The early reviews of Barnes & Noble’s Nook e-reader are starting to trickle in, and they’re not pretty.
“I don’t think it’s as good as the Kindle, at least not yet,” Walt Mossberg wrote in his Wall Street Journal column on Dec. 9. “At launch, the Nook has the feel of a product with great potential that was rushed to market before it was fully ready.”
In addition, Mossberg found the Nook to be “slower, more cumbersome to use and less polished than the Kindle.” His device also exhibited an undefined number of bugs, and suffered from poorer battery life than the Kindle. On the positive side, however, Mossberg seemed to feel that the Nook’s lending feature, which lets one reader transmit an e-book to another for a limited time, was an interesting one; he also assumed that Barnes & Noble would iron out any kinks in the device over the coming months.
The New York Times’ David Pogue seems to agree with Mossberg’s assessment of the Nook as a device still in need of tweaks.
“Unfortunately, we, the salivating public, might be afflicted with a little holiday disease of our own: Sucker Syndrome,” Pogue wrote in his Dec. 9 review of the device. “Every one of the Nook’s vaunted distinctions comes fraught with buzz kill footnotes.”
Pogue also complained about the device’s slowness compared with the Kindle, and how various features-such as the ability to loan e-books to other readers-seemed unfinished.
“Those missing features are symptoms of B&N’s bad case of Ship-at-All-Costs-it is. But the biggest one of all is the Nook’s half-baked software,” Pogue added. “To use the technical term, it’s slower than an anesthetized slug in water.”
Reviews by Mossberg and Pogue have a reputation of being able to make or break products. In his book “Inside Steve’s Brain,” an account of Steve Jobs at Apple, author Leander Kahney discusses how Apple-not exactly a company known for expansive interactions with the press outside of carefully orchestrated events-will send the two of them devices well ahead of time for their review.
BusinessWeek’s own comparison of the Kindle and Nook also fell along the same lines as the Times and WSJ reviews. In its assessment, the Nook is “slow to boot up … color screen and Wi-Fi connection drain battery life,” while the color touch screen, lending application and ability to browse books for free while in a Barnes & Noble store are definite pluses.
Barnes & Noble has not yet responded to eWEEK’s request for a review device. In a brief experience with a demonstration copy of the Nook at the Barnes & Noble location in New York’s Union Square, the Nook’s form factor felt very similar in the hand to the Kindle, although slightly heavier. It took roughly 2 seconds for the demonstration Nook to flip between pages on its e-ink display, and navigation via its iPhone-like touch screen seemed fairly intuitive. A lack of time with the device, though, prevented a deeper drill-down into its features and any possible problems.
Barnes & Noble has been claiming that, due to heavy preorders, customers who ordered the Nook after Nov. 30 will not receive their devices until early January 2010. Due to that supposedly high demand, Barnes & Noble will only offer a limited number of Nook devices in its bricks-and-mortar stores during the holiday shopping season, although most stores will feature a Nook demonstration device.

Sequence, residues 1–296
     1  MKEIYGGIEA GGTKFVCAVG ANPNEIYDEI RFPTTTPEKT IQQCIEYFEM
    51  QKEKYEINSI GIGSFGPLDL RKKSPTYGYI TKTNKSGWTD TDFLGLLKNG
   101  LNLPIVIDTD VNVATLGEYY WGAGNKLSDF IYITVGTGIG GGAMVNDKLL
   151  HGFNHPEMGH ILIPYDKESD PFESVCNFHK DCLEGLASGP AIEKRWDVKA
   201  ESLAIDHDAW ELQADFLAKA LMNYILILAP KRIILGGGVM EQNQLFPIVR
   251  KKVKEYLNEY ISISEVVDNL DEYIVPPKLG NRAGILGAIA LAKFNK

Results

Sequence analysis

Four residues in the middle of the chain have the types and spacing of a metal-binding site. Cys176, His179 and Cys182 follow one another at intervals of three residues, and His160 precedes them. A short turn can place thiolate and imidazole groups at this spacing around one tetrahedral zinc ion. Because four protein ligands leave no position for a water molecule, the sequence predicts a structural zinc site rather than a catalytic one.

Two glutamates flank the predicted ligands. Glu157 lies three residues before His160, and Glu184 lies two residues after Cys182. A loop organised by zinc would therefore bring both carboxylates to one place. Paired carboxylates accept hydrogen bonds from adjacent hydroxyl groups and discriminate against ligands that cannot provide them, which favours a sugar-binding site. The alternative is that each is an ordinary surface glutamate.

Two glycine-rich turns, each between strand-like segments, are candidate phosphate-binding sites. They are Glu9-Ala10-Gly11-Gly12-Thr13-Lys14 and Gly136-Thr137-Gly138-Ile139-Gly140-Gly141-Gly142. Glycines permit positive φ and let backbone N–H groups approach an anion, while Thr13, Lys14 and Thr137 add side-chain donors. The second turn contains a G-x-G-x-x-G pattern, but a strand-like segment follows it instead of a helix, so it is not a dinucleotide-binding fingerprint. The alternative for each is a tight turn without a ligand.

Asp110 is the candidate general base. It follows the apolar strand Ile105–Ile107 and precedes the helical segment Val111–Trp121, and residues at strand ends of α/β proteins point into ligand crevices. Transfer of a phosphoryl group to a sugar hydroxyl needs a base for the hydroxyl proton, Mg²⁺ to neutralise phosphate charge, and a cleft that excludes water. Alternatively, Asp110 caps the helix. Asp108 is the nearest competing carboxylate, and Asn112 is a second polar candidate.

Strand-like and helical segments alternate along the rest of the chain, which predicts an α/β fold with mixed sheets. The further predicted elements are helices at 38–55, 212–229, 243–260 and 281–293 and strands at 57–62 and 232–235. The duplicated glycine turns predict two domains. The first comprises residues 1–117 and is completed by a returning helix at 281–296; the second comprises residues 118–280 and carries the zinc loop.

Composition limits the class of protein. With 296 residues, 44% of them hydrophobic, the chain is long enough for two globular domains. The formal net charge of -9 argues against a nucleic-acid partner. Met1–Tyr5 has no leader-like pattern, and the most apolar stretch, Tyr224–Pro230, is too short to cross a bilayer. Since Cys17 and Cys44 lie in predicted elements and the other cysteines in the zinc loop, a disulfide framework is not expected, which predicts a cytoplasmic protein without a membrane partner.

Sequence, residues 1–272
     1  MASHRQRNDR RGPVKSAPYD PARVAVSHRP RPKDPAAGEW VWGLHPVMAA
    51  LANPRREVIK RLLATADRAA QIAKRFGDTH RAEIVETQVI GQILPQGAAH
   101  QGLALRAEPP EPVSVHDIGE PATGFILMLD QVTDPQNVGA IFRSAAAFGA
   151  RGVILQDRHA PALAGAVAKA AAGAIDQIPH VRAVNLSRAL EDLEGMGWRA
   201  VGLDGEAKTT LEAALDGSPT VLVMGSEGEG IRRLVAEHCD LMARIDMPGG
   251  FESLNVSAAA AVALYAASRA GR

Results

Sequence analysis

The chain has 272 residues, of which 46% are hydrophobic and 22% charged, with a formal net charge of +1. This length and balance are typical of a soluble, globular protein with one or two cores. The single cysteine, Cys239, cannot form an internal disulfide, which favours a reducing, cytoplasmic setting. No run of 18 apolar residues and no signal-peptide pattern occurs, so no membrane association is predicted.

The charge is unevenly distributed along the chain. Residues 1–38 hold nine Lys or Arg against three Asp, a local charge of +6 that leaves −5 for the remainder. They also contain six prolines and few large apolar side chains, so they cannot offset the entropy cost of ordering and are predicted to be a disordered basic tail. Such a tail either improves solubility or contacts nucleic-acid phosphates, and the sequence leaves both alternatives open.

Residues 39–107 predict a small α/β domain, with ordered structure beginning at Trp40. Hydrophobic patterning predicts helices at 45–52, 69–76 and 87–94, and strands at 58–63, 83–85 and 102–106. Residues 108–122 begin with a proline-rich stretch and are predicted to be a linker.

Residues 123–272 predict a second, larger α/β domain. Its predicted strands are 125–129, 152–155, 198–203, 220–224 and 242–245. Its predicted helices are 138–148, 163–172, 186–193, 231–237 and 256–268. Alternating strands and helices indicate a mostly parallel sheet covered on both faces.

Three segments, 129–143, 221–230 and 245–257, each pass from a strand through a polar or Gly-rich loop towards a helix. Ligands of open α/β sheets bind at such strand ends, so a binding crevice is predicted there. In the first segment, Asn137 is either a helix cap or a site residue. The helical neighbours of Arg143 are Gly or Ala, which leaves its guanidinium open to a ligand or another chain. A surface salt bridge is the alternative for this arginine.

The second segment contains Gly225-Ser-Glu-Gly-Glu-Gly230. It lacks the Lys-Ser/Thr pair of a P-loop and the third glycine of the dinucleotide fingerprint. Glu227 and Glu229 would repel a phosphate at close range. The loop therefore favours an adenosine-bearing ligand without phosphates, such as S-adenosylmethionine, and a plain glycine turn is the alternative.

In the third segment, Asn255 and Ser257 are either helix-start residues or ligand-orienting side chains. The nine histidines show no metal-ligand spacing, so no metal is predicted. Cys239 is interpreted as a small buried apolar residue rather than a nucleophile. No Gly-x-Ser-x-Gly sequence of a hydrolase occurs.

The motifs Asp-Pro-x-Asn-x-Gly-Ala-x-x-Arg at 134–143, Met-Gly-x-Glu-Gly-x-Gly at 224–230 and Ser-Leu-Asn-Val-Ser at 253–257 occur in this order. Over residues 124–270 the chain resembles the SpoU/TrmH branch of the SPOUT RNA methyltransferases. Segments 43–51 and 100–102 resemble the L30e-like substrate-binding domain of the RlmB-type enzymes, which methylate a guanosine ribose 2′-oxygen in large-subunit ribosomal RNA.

The Nooks Legal Woes
In addition to facing competition from Amazon.com’s Kindle and other e-readers, Barnes & Noble faces the prospect of legal trouble related to the Nook.
On Nov. 2, IT startup Spring Design announced that it was filing a lawsuit against Barnes & Noble over supposed similarities between its e-reader, the Alex, and the Nook. Court records show that Spring Design filed its first amended complaint over the issue on Nov. 11, with the court conducting a hearing on Nov. 30.
“Spring Design unfortunately had to take appropriate action to protect its intellectual property rights,” Eric Kmiec, Spring Design’s vice president of sales and marketing, said in a Nov. 2 statement. “We showed the Alex e-book design to Barnes & Noble in good faith with the intention of working together to provide a superior dual-screen e-book to the market.”
Spring Design announced the Alex on Oct. 19, the day before Barnes & Noble showed off the Nook for the first time during a high-profile event in New York City. Like the Nook, the Alex runs on the Google Android operating system and features a monochrome e-ink display paired with a color touch screen. However, according to images published in court documents related to the issue, Spring Design’s touch screen is larger than that of the Nook.
Although Spring Design moved to stop sales of the Nook, the San Jose Division of the United States District Court for the Northern District of California announced on Dec. 1 that Barnes & Noble will be allowed to continue selling its device during the legal proceedings.
“Based on the papers submitted to date and oral argument, the Court DENIES Plaintiff’s Motion for a Preliminary Injunction,” read the court order signed by U.S. District Judge James Ware on Dec. 1. “The Court finds that at this time there is a genuine dispute over whether the [Nook] was derived from information disclosed by Plaintiff to Defendant or was the product of earlier independent development by Defendant.”
A Barnes & Noble spokesperson declined to comment to eWEEK about the litigation, citing corporate policy. The court case, though, will continue-as will the Nook’s attempts to wrest some market share away from the Kindle.